Branson told Bloomberg Television that McLoughlin had apologized for the DfT’s errors in a late-night phone call, and predicted that Virgin would “hold the reins” on the West Coast route over the next year or so pending a new bid process.
“As runners up we’d like to have our bid accepted and moved forward but it looks like they will put it all back out to tender again,” he said. Virgin will rebid provided the process is fair and could also now seek to run the East Coast route and apply to run trains through the Channel Tunnel, he said.
Maria Eagle, the Labour transport spokeswoman, said the West Coast award had exposed “shambolic incompetence” in the Conservative-Liberal Democrat coalition.
“The government’s belated admission that it ran a flawed tendering process will come as a surprise to no one,” she said in a statement. “Passengers and staff deserve immediate reassurance about the future of the West Coast service.”
In addition to the suspension of the Great Western, Essex Thameside and Thameslink franchise awards, the government should also abandon the privatization of the East Coast main line, which is currently in state hands, she said.
McLoughlin, who has been in charge of transport for less than four weeks, said on BBC radio’s Today program that while a “terrible mistake” had been made, there would be no impact on rail operations or bookings. Errors that may have included bidders being given different information came to light only as the DfT compiled its defense against Virgin’s legal case, which is no longer being contested, he told Sky News.
Three officials involved in the West Coast competition have been suspended while the full facts are established and two independent reviews have been ordered, the DfT said.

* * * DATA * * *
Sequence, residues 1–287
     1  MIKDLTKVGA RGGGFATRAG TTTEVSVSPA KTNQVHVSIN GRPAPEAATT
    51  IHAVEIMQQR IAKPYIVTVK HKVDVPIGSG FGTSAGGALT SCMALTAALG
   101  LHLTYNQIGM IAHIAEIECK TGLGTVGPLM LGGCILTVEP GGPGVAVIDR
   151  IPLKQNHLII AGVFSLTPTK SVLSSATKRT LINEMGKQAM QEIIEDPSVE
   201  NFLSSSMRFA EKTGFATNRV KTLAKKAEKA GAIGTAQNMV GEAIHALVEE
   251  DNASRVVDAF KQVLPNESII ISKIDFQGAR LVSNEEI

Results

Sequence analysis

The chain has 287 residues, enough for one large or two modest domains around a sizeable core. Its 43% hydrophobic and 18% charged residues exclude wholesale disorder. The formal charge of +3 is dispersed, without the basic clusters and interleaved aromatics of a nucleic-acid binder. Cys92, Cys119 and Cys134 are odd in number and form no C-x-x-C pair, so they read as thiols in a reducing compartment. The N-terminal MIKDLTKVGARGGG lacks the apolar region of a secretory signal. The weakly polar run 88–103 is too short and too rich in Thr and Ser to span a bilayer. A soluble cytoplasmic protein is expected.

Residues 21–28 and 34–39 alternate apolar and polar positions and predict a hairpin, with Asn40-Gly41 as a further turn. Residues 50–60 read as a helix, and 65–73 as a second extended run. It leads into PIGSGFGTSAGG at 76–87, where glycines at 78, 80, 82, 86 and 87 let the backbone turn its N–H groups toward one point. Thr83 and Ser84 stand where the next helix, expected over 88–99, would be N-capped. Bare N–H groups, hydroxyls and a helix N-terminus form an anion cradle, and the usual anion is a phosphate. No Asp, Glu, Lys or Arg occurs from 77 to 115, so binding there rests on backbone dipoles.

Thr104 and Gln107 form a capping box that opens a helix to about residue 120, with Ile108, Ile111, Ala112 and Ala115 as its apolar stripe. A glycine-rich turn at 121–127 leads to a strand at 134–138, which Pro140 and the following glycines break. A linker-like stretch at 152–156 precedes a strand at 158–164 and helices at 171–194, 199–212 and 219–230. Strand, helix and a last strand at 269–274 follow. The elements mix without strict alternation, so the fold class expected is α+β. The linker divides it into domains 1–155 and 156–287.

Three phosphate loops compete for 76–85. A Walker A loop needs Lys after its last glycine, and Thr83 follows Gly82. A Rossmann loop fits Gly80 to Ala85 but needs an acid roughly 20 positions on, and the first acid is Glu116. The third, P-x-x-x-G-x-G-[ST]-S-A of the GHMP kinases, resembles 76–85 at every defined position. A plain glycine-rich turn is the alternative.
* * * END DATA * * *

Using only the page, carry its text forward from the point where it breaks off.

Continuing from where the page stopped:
One, overseen by Sam Laidlaw, CEO of Centrica Plc (CNA), Britain’s top energy supplier, and Ed Smith, formerly of accounting firm PricewaterhouseCoopers LLP, will examine the West Coast award and report back by the end of this month, McLoughlin said. The other, under Eurostar Group Ltd. Chairman Richard Brown, will evaluate the wider franchising process and deliver findings by the year’s end.
The Association of Train Operating Companies said by e-mail that it would engage with the review of franchising, adding that the system “has delivered for the country,” with rail travel more popular than at any time since the 1920s.
Britain’s Institute of Directors said in a statement that the failure of the franchise model was “shocking” and that the tendering process must be “whiter than white.”
FirstGroup’s O’Toole had said his bid was justified by the ability to maintain compound annual revenue growth at 10 percent by adding capacity. The company said today that prior to its notification of the DfT findings there had been no indication of “any issues” with the franchise-letting procedure.
“We are extremely disappointed to learn this news and await the outcome of the DfT’s inquiries,” it said. “The DfT have made it clear to us that we are in no way at fault, having followed the due process correctly.”
FirstGroup already runs the Great Western route to Wales and western England, against which it took a 59.9 million-pound charge last year in turning down a three-year contract extension to boost its chances of retaining the franchise for longer.
Virgin Trains lost its only other contract, the long- distance CrossCountry network, in 2007.
Branson had been keen to develop stations on the 1,660-mile West Coast network to include innovations such as bank branches after his Virgin Money Holdings U.K. Ltd. agreed to buy Northern Rock Plc last year for 747 million pounds.